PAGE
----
Shawne Martinez is one of Portland’s most prolific urban bike riders. He and his e-assist cargo bike can be seen on daily rides throughout the city, and especially near his home in southwest. You might recall his epic 40-mile journey to Gateway Green with this five-year-old which tested the range of his battery. His latest adventure? Helping a friend on an adopt-a-road cleanup mission, and doing it all by bike. Take it away Shawne…
“In the past we used my giant diesel pickup truck to transport the road signs and tools. Now we own cargo bikes.”
Adopt-A-Road is a Washington County program that lets regular folks volunteer to help keep roadway corridors clean. I received an email from Rick Kappler asking for help with an Adopt-A-Road litter cleanup that was coming up in a few days. Rick coordinates the event for the group Friends of the Red Electric Trail. We’ve teamed up for a few years cleaning litter on sections of SW Scholls Ferry and SW Taylors Ferry roads. This year Rick presented a interesting challenge: We would pick up all of the Adopt-A-Road equipment by bike! In the past we used my giant diesel pickup truck to transport the road signs and tools from the Washington County yard in Hillsboro. We no longer own that truck. Now we own cargo bikes.
The plan was to take our cargo bikes on MAX light rail from Beaverton Transit Center to the end of the line in Hillsboro. I had never taken my cargo bike on the MAX. It’s a long-john style box bike and I had reservations about it fitting, but Rick assured me it would work.
With our 5-year-old kid in the bucket of the bike we rode off through Tigard and met Rick for the ride to Beaverton Transit Center. We rolled up to the MAX platform, paid our fare and I nervously waited for the next train. “Is this going to fit?” I asked myself.
The train arrived and the doors swished open presenting a mostly empty train car. Near the bike hooks there is a priority seating area, one side with a folding bench and one side with no bench. Both are marked with a wheelchair symbol on the floor and decals on the windows explaining that you are required to move for seniors and people with disabilities. I nosed the bike in, the rear wheel protruded a bit into the space between the two sets of doors. Not completely blocking but also not completely clear. The doors closed and off we went.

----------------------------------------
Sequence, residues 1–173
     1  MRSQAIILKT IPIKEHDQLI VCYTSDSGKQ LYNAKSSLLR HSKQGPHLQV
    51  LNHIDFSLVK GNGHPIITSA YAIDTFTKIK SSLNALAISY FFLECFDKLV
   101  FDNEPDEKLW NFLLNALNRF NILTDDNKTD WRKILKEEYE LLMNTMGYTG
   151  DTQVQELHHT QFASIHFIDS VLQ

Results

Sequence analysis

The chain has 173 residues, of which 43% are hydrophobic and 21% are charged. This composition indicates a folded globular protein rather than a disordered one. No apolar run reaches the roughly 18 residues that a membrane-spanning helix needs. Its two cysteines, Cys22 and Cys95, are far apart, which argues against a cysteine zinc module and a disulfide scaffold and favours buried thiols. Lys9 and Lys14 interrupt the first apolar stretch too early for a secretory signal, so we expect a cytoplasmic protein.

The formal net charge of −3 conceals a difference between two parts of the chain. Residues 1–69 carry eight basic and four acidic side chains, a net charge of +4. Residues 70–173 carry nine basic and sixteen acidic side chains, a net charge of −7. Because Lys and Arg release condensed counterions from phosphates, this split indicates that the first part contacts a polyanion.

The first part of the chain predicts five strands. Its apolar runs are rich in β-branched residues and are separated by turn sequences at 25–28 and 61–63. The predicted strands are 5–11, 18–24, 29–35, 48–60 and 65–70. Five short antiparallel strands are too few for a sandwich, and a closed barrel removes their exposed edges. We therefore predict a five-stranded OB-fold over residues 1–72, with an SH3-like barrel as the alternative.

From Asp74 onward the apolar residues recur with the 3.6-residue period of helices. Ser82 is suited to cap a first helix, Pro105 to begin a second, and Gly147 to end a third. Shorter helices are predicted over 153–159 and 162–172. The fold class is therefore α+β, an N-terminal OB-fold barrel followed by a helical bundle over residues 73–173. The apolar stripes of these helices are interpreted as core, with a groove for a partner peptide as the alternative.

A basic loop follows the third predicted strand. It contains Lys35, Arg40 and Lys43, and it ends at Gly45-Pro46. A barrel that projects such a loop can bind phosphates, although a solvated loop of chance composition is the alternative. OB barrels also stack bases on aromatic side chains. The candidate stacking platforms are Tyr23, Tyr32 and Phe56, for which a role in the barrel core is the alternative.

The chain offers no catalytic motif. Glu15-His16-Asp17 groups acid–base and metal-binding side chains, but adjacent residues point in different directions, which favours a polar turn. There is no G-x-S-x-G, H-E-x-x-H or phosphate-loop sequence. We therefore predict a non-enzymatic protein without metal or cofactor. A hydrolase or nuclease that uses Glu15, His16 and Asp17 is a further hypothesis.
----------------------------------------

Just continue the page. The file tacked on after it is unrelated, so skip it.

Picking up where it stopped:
“It’s upsetting how many drivers don’t slow down to at least the speed limit while we’re working roadside. Even with road signs and safety vests.”
As the train stopped at the next station, the ramp alarm beeped as a person in an electric wheelchair was ready to board the train. I quickly raised the kickstand on the bike and exited the train as soon as the doors opened. “Let me get out of the way!” I said on the way out and the person in the wheelchair rolled inside. Rick was still standing in the train car as I yelled, “I’ll see you at the station!” The train whooshed away and left us at Beaverton Central to wait for the next one. “No biggie,” I said to our kid as I explained the priority seating rules. “Luckily we have frequent train service!” About 12 minutes later we were back on board. We found Rick waiting for us at the Mark O. Hatfield Government Station which is the end of the blue line. We rode about a mile to the Washington County Walnut Street Center to pick up the equipment.